Anyone who has done anything to do with fictional writing knows that it can be difficult to choose a name for your characters. Why would it be so hard? Well, you want the name to be memorable, and you want it to be unique. It can’t be the same as a bunch of other characters in different stories–you can only have so many ‘Jacks’ climbing beanstalks–but if it’s too weird of a name, your readers may not be able to pronounce it.
I think first names are easier for me, because I have two free books on my Nook. The books are Girl Names by Last Letter, 2011-2012 and Boy Names by Last Letter, 2011-2012. Both are by the same author, Nancy Man, and they have a bunch of names in them. They’re by last letter, which is a little annoying, but I just read through the books once and highlighted any names that seemed interesting.
Another great idea is to search for baby naming websites. I once went on babynames.com, which has a bunch of names, but it was really annoying. After about twenty clicks, it starting popping up surveys with every click. Yes, every single click. So for that reason, I really recommend you find another site after that starts to happen, because it’s really, really annoying.
Many people make the mistake of not choosing an age-appropriate name. Well, what exactly is an age-appropriate name? It’s a name that would have been used during a certain time period. Let’s talk about the name ‘Ava.’ ‘Ava’ is actually a very popular name right now. However, if someone was writing a book with adult characters set in this time period and named one of the adult characters ‘Ava,’ that would not be considered “age-appropriate.” If you’re writing a book or short story set in the past, make sure to research what names were popular during that time. (We’re not saying you have to choose a name that was popular during that time, it’s only an option.)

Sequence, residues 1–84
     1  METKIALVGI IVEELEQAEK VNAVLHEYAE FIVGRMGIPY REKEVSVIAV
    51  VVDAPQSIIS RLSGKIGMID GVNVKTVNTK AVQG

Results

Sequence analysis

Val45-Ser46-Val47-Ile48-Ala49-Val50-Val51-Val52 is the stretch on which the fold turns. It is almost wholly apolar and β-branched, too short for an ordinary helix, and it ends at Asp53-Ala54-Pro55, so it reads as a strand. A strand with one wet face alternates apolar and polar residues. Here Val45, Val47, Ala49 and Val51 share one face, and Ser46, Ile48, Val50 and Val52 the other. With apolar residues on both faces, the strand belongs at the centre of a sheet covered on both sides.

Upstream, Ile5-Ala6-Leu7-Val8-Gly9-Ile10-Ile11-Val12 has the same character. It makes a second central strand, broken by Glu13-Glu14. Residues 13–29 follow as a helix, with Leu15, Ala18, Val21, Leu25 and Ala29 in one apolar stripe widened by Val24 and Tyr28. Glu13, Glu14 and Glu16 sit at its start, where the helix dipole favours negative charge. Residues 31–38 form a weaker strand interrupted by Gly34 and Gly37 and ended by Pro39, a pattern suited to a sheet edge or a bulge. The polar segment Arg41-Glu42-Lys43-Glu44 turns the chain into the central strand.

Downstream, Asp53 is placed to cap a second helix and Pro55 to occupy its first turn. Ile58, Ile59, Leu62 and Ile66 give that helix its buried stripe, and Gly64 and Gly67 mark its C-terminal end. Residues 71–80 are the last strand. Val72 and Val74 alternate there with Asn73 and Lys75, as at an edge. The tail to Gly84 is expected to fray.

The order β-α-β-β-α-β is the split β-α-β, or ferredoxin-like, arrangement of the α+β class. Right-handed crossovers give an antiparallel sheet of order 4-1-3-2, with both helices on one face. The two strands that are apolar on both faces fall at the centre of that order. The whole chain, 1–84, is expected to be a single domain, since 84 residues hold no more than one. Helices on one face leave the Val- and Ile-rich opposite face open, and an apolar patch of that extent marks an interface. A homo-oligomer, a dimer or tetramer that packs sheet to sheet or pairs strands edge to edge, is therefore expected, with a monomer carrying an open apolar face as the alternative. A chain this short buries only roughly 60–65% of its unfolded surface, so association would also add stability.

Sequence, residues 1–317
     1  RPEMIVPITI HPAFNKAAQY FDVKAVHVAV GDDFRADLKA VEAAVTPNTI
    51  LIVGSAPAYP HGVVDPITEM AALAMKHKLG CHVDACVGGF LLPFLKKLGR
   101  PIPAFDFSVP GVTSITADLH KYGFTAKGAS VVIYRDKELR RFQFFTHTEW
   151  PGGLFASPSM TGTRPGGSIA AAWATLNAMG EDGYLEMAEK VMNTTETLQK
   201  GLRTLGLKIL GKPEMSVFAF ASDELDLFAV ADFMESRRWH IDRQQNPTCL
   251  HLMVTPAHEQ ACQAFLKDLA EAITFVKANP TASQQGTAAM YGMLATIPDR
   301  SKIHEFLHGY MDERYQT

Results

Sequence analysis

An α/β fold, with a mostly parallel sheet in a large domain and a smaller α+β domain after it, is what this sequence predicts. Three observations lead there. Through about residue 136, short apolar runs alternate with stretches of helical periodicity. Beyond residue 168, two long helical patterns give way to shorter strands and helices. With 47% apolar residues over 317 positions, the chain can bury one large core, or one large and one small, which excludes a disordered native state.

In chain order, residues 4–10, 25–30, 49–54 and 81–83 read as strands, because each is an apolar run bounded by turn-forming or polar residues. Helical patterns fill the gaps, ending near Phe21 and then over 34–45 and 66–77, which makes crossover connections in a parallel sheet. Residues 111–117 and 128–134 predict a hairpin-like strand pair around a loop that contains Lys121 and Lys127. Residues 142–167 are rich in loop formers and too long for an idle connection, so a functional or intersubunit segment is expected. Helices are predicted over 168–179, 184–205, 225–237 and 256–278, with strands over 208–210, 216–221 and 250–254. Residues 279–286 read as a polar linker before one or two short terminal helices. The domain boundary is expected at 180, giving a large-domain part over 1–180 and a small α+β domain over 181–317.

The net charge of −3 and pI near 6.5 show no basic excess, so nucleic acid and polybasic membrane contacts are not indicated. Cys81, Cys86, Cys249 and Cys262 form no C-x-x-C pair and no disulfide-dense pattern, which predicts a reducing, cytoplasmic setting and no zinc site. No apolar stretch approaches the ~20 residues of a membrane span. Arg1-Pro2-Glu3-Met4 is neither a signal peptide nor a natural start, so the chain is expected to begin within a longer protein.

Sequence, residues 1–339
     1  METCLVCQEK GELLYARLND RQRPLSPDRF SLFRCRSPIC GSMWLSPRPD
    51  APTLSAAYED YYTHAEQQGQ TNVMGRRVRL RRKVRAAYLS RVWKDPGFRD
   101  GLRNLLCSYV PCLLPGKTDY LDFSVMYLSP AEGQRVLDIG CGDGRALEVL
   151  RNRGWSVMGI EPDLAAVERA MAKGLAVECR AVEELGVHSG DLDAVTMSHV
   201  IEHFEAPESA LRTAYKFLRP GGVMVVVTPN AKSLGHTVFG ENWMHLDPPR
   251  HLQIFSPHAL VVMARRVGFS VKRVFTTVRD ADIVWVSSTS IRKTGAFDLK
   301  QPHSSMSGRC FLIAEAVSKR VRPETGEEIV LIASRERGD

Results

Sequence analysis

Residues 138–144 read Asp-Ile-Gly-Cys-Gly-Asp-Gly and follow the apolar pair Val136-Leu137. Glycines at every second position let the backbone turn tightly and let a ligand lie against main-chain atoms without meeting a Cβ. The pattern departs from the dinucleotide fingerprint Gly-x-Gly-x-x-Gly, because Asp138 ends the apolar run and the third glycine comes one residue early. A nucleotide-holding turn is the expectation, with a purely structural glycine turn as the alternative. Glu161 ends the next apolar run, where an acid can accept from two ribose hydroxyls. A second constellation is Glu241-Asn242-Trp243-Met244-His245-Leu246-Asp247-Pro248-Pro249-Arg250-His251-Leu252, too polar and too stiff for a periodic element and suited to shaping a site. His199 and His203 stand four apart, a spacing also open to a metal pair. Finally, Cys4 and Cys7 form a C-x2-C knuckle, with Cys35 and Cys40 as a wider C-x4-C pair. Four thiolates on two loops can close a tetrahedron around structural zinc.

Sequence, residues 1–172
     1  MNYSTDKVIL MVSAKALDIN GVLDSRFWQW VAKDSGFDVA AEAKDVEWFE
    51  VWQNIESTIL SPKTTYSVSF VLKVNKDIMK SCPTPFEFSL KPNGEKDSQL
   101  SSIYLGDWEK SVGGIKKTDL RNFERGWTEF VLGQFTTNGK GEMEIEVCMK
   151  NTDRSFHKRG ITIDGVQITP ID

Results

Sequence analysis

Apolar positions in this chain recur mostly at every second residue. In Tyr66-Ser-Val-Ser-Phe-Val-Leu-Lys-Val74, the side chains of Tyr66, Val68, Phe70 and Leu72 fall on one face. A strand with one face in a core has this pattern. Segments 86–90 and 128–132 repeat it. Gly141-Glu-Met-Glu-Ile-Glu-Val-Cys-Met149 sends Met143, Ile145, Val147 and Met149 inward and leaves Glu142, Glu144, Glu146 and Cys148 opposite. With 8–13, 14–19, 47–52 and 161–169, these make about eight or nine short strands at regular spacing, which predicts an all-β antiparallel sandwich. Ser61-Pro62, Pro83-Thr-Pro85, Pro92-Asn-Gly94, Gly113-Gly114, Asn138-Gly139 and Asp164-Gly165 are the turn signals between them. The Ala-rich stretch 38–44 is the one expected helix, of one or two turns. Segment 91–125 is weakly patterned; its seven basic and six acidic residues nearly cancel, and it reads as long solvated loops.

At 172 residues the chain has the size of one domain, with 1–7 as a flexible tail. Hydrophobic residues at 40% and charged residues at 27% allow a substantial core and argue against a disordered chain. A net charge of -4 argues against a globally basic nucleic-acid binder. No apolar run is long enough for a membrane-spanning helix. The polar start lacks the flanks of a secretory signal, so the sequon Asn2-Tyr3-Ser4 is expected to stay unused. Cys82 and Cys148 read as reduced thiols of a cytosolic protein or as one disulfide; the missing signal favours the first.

Choosing Names by Meaning
This is another option many authors utilize. What “choosing a name by meaning” actually means is that you name your character after something similar to what they do or like. For example, if your character is a cook, you wouldn’t want to name your character ‘Baker’ or ‘Chef’–too literal, and they don’t even sound that great. You may want to name after a herb, though, like ‘Basil,’ ‘Cinnamon,’ or ‘Ginger.’
Fun Fact about P2P: Ginger doesn’t run a bakery. Or a restaurant. Or any kind of business that has to do with food. However, she does help run a blog.
Sci-Fi Names: Pronounceable, Please?
I actually got this idea when reading the fifth book of Fablehaven, by Brandon Mull. There’s a demon prison, and the name of it is Zzyzx–can you even pronounce that? I certainly can’t! And hey, I know that’s a demon prison and not a person or anything, but there are some pretty odd names for books out there. So if you’re writing sci-fi, just know, characters are best related to when their names are pronounceable! You could even combine two names, I guess, like Ash and Ginger: Anger or Gash. 😉
Names Already Known
I wouldn’t recommend naming your character after an already-famous character, like Hermione, or a famous person, like Oprah, unless their name somehow ties in to the story. For example, if a character’s parent was obsessed with the Harry Potter series, then it would make some sense if the character’s name was Hermione. But don’t just randomly name your character Hermione–everyone will know whose fame you’re trying to piggyback on.
Calling All Fun!
Have fun with naming your characters. Maybe they have embarrassing nicknames or funky middle names: I dunno. It’s your character, your choice, and your brainstorm.
All in All…
All in all, I hope you come check this out the next time you’re writing a novel and already looked at our pen name post to decide whether you want one or not. If you need name ideas, you can comment, and we’ll try to help you out as much as possible.